I actually have been yelling at the top of my lungs for much of the last decade about how the government has been used by the wealthy to redistribute income upward. This is the point of the not subtly titled book, The Conservative Nanny State: How the Wealthy Use the Government to Stay Rich and Get Richer. And there is my more recent book, The End of Loser Liberalism: Making Markets Progressive. (Both are available as free e-books, for those interested.)

These books have not attracted much attention, I would be fairly certain that Brooks has never heard of either one. Some of this undoubtedly reflects my skills as a writer, but there is a deeper issue here.

The people who dominate what passes for "liberal" politics in the United States would have little interest in promoting the views expressed in these books. Would Robert Rubin and his Wall Street friends want to promote the argument that they got rich primarily because they could rely on too big to fail insurance provided at no cost by the government? Those who question the importance of Wall Street interests in the Democratic Party should note that making a fortune on Wall Street seems to be a pre-requisite for being chief of staff in the Obama administration.

Similarly, both books point out the enormous waste associated with patent and copyright protection. Patent protection for prescription drugs costs us more than $250 billion a year compared to having drugs sold in a free market. This is five times as much money as what is at stake with extending the Bush tax cuts to the richest two percent. But the Hollywood crew, another important base of funding support for the Democratic Party, have little interest in calling attention to the government interventions that keep their industry alive in its current form.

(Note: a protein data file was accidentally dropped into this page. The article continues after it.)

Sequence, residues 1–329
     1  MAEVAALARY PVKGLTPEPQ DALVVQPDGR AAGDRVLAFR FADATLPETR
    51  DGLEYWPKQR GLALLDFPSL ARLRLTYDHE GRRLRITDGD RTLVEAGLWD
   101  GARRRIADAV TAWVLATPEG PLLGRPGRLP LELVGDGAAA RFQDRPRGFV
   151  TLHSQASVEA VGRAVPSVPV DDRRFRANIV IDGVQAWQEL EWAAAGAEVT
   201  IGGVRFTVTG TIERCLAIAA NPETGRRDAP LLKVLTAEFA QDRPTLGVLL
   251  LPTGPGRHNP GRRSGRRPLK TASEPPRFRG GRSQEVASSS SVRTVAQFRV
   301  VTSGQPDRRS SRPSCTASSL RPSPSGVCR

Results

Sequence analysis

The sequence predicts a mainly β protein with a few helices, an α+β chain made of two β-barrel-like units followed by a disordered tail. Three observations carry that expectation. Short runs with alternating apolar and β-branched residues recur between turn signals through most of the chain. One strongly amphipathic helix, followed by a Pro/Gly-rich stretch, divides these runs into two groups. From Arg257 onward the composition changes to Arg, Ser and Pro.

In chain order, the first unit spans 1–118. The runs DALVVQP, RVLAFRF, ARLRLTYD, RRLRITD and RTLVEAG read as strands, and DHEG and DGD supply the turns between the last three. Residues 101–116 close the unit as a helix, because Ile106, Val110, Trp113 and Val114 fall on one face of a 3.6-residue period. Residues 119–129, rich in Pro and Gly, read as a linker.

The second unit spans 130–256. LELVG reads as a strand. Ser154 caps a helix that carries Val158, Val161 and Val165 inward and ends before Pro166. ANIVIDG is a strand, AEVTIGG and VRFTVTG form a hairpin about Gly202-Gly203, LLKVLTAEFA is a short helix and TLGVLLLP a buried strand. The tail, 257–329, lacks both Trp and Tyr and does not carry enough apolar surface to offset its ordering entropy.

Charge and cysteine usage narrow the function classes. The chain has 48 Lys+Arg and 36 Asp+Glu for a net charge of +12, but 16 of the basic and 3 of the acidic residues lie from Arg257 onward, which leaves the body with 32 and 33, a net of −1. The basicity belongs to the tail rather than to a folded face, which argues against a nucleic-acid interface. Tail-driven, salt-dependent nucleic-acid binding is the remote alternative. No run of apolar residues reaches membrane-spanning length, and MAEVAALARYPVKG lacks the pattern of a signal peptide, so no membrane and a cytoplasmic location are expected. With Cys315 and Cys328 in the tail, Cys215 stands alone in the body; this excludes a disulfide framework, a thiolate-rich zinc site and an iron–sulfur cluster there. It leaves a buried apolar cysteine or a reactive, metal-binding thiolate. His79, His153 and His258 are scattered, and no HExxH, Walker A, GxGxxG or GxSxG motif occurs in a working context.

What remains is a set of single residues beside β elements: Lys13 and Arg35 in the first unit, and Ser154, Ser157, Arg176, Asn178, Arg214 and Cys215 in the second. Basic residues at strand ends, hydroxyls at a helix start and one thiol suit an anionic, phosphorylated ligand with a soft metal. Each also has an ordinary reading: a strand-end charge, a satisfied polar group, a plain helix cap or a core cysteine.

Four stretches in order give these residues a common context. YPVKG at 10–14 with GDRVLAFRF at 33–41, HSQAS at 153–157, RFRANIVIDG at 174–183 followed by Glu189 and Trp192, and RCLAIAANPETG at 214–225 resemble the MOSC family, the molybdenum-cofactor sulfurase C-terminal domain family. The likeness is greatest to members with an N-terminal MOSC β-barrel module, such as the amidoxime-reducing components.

The books also note the protectionist barriers that make it difficult for foreign professionals (e.g. doctors, dentists, and lawyers) from competing with professionals in the United States. This ensures that these professionals will benefit from international trade, since the goods they buy (including trips to Europe) will be cheaper as a result of trade, while the services they sell will continue to command a high price. However, the professionals who design policy for the Democratic Party have little interest in calling attention to the barriers that protect the high pay that they and their family members enjoy.

In short, there are clear structural obstacles to those advancing an argument that we should restructure the government so that it does not redistribute income upward. Those who control the purse strings that finance politics and policy research and the institutions that dominate public debate (e.g. the New York Times, Washington Post, and National Public Radio) have a clear interest in not having this argument get a wide audience.

This is why David Brooks can tell his readers that there are no liberals who are trying to combat rent-seeking that redistributes income to the wealthy. His friends, in both parties, do their best to ensure that anyone making such arguments never gets heard.

(I should mention Jacob Hacker and Paul Pierson as two people who have made a similar argument to a somewhat larger audience.)


Is China Going Down? Print
Monday, 09 January 2012 05:59

That's a good question, but Robert Samuelson doesn't shed much light on the topic in his column today. He notes the considerable evidence of a housing bubble in parts of the country, which may now be deflating. In considering consequences he acknowledges China's successful stimulus 3 years ago, but then comments:

"Finally, China’s government will have a harder time deploying a stimulus than during the 2008-09 financial crisis. Government debt rose from 26 percent of gross domestic product in 2007 to 43 percent of GDP in 2010."